Food is essential for life. But what happens when you see food as the enemy?
One mom drew the links between food allergies/feeding disorders and eating disorders. The disorders’ shared perception of food as foe may be taken for granted by someone dealing with only one or the other. But Erin Konheim Mandras has confronted the challenges of both eating disorder and feeding disorder with happy successes.
Mandras was a standout collegiate soccer player at Michigan State University when she began restricting certain foods from her diet in an effort to lose weight and boost athletic performance. Before long, she was consuming less and less while working out more and more, as her new habits became an unhealthy obsession and ultimately a full-blown eating disorder. She tackled that demon with professional help and retrained herself to forge a healthier relationship with food.
Back to the forefront
Throughout that journey and into marriage and motherhood, Mandras kept her struggle private. Then, 11 years after addressing her eating disorder, she found herself facing food allergies with her young son, Austin. Having had no previous exposure to food allergy symptoms, and with little Austin’s inability to express what he was feeling at just 15 months old, the Mandrases were unaware that Austin’s resistance to eating was due to allergies.
“Austin was diagnosed with a feeding disorder when he refused to eat solid foods. He had developed an aversion to food because he associated it with pain and discomfort, as we had been feeding him allergens all along,” Mandras says. The toddler was admitted to an intensive feeding program at Mt. Washington Pediatric Hospital, and the parallels hit home. “I found the irony between his condition and my past experience with an eating disorder. Though completely different, I watched him in the program and couldn’t help but see similarities, physically and psychologically,” Mandras recalls.
Making the connection
“My personal history with an eating disorder definitely ramped up my anxiety level significantly,” she says. “When treated for an eating disorder, I was trained never to eliminate a food or restrict my diet again. So when Austin was diagnosed with five life-threatening food allergies, we had to completely give up those foods for his safety and life. Ultimately, through a lot of hard work, therapy and resiliency, both Austin and I eventually overcame our disorders.”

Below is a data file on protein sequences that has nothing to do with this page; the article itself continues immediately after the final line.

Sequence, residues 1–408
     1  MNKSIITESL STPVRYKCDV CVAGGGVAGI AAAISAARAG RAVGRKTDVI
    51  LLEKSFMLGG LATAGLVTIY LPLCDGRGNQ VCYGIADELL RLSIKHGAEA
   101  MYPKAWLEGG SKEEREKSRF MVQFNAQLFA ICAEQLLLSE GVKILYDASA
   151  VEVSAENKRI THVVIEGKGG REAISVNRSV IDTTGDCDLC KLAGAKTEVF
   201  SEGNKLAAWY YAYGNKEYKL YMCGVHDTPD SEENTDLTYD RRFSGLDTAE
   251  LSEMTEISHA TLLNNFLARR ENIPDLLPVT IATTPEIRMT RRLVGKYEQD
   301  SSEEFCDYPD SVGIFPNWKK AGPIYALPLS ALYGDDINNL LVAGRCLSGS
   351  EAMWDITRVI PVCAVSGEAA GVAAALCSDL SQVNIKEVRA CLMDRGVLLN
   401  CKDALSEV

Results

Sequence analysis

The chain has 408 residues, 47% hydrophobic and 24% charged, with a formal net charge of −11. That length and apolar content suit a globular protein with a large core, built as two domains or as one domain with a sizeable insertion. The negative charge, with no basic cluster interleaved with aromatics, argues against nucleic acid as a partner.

Realizing the correlation between disorders inspired Mandras to break the silence on her background with eating disorder and also to become a voice bringing more awareness to food allergies and feeding disorders in children.
“People with eating disorders typically become preoccupied with food and their body weight. I was never thin enough in my mind,” Mandras says. Austin, being a toddler, naturally did not have body-image issues that drove his refusal to eat. For him, it was the distress he felt when exposed to allergens that made him fearful of most solid foods. Avoiding allergens was, of course, essential to Austin’s health. But not understanding which foods were bad and which were good left him resistant to nearly everything, and his lack of food intake became dangerous.
“Austin only ate three foods (avocado, banana, and sweet potato) at the time he was admitted to the feeding programs,” Mandras says. “A child with a feeding disorder eats only a few foods, completely avoiding entire food groups, textures or liquids necessary for proper development. Children diagnosed with feeding disorders are at greater risk for compromised physical and cognitive development, behavioral problems and even failure to thrive. Austin was failing to thrive at the time.”
Navigating the way
Mt. Washington Pediatric Hospital’s Comprehensive Program for Feeding Disorders was a saving grace for Austin. “I have to say that admitting him to that program was one of the hardest things I’ve had to do as a mother,” Mandras says. “Obviously, I knew it was for his best interest and health, but letting go and separating from him for an entire day was traumatic for both of us. I felt extremely alone, as the friends and families surrounding us had never run into these issues with their children and could not relate to me.”
Austin’s participation in the program completely turned around his relationship with food, and his story is profiled in a video on the hospital’s website (mwph.org). Mandras has now made it a mission to help others who find themselves in that situation, offering supportive advice to patients and families.
Writing their family story
Mandras notes that one in 13 children, or about two per classroom in an average school, have food allergies. With so many children and families affected, there is no need to feel lonely. But there is a need for kid-friendly education on the topic.
In her new children’s book, “Austin’s Allergies,” Mandras explains key points about food allergies in a way kids — and their siblings and parents — can understand. “That is why I wrote the book. When Austin was diagnosed, I needed help explaining it to my other son in words and language that he’d understand, and I learned how to communicate the issues with Austin. Children’s books were the best way to convey important ideas and messages for everyone to better understand.”
Available at austinsallergies.com, a portion of each book sale is donated to the Allergy & Asthma Network.
• Approximately 4 percent of chlidren and teens have food allergies, according to the Centers for Disease Control and Prevention.
• The eight most common allergenic foods are milk, eggs, fish, shellfish, tree nuts (almonds, walnuts, pecans), peanuts, wheat and soybeans, the CDC says.